Forum for Science, Industry and Business

Sponsored by:     3M 
Search our Site:

 

Scientists head to warming Alaska on ice core expedition

02.05.2008
The state of Alaska has the dubious distinction of leading the lower 48 in the effects of a warming climate. Small villages are slipping into the sea due to coastal erosion, soggy permafrost is cracking buildings and trapping trucks.

In an effort to better understand how the Pacific Northwest fits into the larger climate-change picture, scientists from the University of New Hampshire and University of Maine are heading to Denali National Park on the second leg of a multi-year mission to recover ice cores from glaciers in the Alaska wilderness.

Cameron Wake of the UNH Institute for the Study of Earth, Oceans, and Space (EOS) and Karl Kreutz of the University of Maine Climate Change Institute are leading the expedition, which is funded by the National Science Foundation.

This year’s month-long reconnaissance mission will identify specific drill sites for surface-to-bedrock ice cores that will provide researchers with the best climate records going back some 2,000 years. The fieldwork is part of a decade-long goal to gather climate records from ice cores from around the entire Arctic region.

“Just as any one meteorological station can’t tell you about regional or hemispheric climate change, a series of ice cores is needed to understand the regional climate variability in the Arctic,” says Wake, research associate professor at UNH. “This effort is part of a broader strategy that will give us a fuller picture.”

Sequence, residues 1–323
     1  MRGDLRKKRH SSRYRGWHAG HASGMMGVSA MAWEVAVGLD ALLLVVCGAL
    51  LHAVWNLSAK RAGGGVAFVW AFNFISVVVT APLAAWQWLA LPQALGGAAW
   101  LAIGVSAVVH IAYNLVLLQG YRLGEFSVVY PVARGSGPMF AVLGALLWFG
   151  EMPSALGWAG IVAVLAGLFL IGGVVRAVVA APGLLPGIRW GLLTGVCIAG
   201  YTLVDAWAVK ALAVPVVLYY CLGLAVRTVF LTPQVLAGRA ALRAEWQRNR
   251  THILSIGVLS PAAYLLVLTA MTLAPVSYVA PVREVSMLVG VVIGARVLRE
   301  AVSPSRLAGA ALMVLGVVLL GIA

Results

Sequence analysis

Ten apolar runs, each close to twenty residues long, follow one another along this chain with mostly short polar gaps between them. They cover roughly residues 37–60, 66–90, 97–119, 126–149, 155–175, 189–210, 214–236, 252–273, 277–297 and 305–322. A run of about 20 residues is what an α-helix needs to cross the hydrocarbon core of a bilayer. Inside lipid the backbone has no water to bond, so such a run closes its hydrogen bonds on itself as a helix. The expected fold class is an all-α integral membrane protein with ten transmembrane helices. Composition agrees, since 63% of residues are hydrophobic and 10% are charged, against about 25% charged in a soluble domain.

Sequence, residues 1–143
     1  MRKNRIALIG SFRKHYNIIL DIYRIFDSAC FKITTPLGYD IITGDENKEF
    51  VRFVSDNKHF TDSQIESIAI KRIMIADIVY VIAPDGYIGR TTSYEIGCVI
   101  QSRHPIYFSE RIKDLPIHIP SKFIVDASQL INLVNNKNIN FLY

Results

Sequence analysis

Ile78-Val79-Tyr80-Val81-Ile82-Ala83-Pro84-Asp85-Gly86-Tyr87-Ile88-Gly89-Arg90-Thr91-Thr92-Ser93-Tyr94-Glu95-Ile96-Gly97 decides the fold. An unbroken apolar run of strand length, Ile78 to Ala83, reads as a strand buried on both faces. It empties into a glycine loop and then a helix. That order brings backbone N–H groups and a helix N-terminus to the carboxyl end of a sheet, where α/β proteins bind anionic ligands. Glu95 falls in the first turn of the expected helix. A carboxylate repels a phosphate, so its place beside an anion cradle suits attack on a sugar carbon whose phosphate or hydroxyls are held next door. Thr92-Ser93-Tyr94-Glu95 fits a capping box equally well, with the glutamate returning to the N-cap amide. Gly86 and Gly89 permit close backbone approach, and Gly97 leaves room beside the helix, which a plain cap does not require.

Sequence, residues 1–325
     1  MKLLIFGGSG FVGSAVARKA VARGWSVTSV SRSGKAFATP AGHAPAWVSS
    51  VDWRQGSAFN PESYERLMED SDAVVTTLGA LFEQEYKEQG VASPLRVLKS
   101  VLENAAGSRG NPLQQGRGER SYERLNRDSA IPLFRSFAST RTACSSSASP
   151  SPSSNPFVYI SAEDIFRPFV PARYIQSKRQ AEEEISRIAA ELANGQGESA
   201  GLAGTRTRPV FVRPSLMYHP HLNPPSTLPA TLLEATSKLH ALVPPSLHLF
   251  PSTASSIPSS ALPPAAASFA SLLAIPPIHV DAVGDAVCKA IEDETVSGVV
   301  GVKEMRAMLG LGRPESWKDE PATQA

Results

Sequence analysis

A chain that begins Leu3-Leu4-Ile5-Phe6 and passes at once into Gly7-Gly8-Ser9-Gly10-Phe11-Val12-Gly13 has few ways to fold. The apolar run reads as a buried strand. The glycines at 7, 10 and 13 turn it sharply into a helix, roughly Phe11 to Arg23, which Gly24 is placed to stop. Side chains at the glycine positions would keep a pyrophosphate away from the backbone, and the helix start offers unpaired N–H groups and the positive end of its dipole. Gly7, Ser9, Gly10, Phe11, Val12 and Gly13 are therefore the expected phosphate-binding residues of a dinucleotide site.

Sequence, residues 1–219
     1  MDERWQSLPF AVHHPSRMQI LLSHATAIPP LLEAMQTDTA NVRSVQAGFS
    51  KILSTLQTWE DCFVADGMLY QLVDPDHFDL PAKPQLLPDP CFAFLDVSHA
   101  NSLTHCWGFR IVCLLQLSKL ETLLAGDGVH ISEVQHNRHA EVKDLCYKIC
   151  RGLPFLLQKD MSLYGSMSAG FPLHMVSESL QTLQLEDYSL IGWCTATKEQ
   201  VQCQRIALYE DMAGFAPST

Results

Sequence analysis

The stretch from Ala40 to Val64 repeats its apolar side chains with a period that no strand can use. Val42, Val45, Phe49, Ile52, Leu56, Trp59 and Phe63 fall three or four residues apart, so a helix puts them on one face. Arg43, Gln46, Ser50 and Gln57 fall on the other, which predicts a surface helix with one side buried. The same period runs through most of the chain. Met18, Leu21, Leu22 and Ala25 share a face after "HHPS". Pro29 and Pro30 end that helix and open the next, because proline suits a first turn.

Kreutz says the 2,000-year ice core record will provide a good window for determining how the climate system has been affected by volcanic activity, the variability of solar energy, changes in greenhouse gas concentrations and the dust and aerosols in the atmosphere that affect how much sunlight reaches the Earth.

“This is a joint effort in the truest sense,” says Kreutz, who has collaborated with Wake in both Arctic and Asian research for the better part of a decade. Kreutz’s UMaine team will consist of Erich Osterberg, who received his Ph.D. in December, second-year M.S. candidate Ben Gross, and Seth Campbell, an undergraduate majoring in Earth science.

Wake conducted an initial aerial survey of the Denali terrain two years ago but notes there have been “no boots on the ground.” Through May, Wake, his Ph.D. student Eric Kelsey, the UMaine team, and Canadian ice-core driller Mike Waszkiewicz will visit potential deep drilling sites and use a portable, ground-penetrating radar to determine the ice thickness and internal structure on specific glaciers. They will be looking for “layer-cake” ice with clear, well-defined annual stratigraphy.

A clear record from Denali will help round out the bigger paleoclimate picture by adding critical information gathered from ice cores recovered in the North Pacific, all of which can be compared to a wealth of climate data already gathered in the North Atlantic region.

According to Wake, scientists have long thought the North Atlantic drives global climate changes. However, there are now indications that a change in the North Pacific might happen first and be followed by a North Atlantic response. “We need to better understand the relationship in terms of the timing and magnitude of climate change between these two regions,” he says.

At the potential drill sites, the scientists will also collect samples for chemical analysis from 20-foot-deep snowpits and shallow ice cores, and install automatic weather stations at 7,800 feet and 14,000 feet. The chemical analyses, which will be carried out at both UNH and UMaine labs, are needed to decipher changes in temperature, atmospheric circulation, and environmental change such as the phenomenon known as “Arctic haze,” which has brought heavily polluted air masses to the region for decades from North America, Europe, and Asia.

David Sims | EurekAlert!
Further information:
http://www.unh.edu